At A Glance
Part of the Museum Without Walls: AUDIO program
Commissioned for the Ellen Phillips Samuel Memorial
Cast in 20 separate pieces
The massive bronze represents America’s “Constructive Enterprise”
For the Ellen Phillips Samuel Memorial, the trustees of the Fairmount Park Art Association (now the Association for Public Art) imagined a large bronze representing America’s “Constructive Enterprise” – ”the vigor, the power of harnessed nature, or the strength of men harnessing nature and making it conform to their uses and desires.”
“Here, the eternal battle has ended, and man and bird are united in a common purpose.”
The commission was granted in 1950 to Jacques Lipchitz. After numerous studies, the casting in 20 separate pieces began and the massive bronze was installed in the Memorial’s North Terrace in 1960. It was moved to the Central Terrace in 1986 to increase its visibility from Kelly Drive.
Lipchitz’s powerfully optimistic treatment reflects his life-long idealism. The muscular pioneer surges forward, one hand shading his eyes as he scans the horizon, the other holding a caduceus. Echoing his movement is a great eagle, wings outstretched. The link with his Prometheus Strangling the Vulture located outside the Philadelphia Museum of Art is apparent, and many have been tempted to connect the two: here, the eternal battle has ended, and man and bird are united in a common purpose. Lipchitz was particularly pleased by the quotation from Theodore Roosevelt inscribed on the pedestal: “Our nation, glorious in youth and strength, looks into the future with fearless and eager eyes, as vigorous as a young man to run a race.”
The Central Terrace of the Ellen Phillips Samuel Memorial
Construction of the Samuel Memorial began with the Central Terrace. Six sculptors were commissioned to create two large bronze monuments and four complementary figures in limestone. These works express the twin themes of America’s westward expansion and the new nation’s welcome to immigrants from other lands.
Sculptures in the Central Terrace:
- Spanning the Continent, Robert Laurent
- Welcoming to Freedom, Maurice Sterne
- The Ploughman, J. Wallace Kelly
- The Miner, John B. Flannagan
- The Slave, Hélène Sardeau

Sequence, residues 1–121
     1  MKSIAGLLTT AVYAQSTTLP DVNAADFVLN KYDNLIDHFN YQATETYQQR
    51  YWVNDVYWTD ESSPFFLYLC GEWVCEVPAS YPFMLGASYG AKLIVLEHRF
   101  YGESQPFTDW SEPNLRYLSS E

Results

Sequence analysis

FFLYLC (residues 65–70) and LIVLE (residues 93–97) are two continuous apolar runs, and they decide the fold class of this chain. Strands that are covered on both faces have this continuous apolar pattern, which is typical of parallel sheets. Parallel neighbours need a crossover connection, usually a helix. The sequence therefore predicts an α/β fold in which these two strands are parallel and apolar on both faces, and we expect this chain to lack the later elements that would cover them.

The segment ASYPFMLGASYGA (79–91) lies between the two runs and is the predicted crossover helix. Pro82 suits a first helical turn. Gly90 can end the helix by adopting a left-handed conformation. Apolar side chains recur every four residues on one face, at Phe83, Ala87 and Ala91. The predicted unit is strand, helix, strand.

- The Immigrant, Heinz Warneke
- The Spirit of Enterprise, Jacques Lipchitz
Adapted from Public Art in Philadelphia by Penny Balkin Bach (Temple University Press, Philadelphia, 1992).
Voices heard in the program:
Penny Balkin Bach is the former Executive Director & Chief Curator of the Association for Public Art and the author of many books and articles about Philadelphia’s public art.
Kathleen A. Foster is Robert L. McNeil, Jr., Senior Curator of American Art and Director of the Center for American Art at the Philadelphia Museum of Art.
Michael Taylor is the former Muriel and Philip Berman Curator of Modern Art at the Philadelphia Museum of Art and the author of Jacques Lipchitz and Philadelphia.
Segment Producer: Amanda Aronczyk and Ave Carrillo
A program of the Association for Public Art (formerly the Fairmount Park Art Association), Museum Without Walls: AUDIO is an innovative and accessible outdoor sculpture audio program for Philadelphia’s preeminent collection of public art.
A “multi-platform” interactive audio experience – available for free by cell phone, mobile app, or on our website – Museum Without Walls: AUDIO offers the unique histories that are not typically expressed on outdoor permanent signage.
Unlike audio tours that have a single authoritative guide or narrator, each speaker featured in Museum Without Walls: AUDIO is an “authentic voice” – someone who is connected to the sculpture by knowledge, experience, or affiliation.
Over 150 unique voices are featured, including artists, educators, scientists, writers, curators, civic leaders, and historians.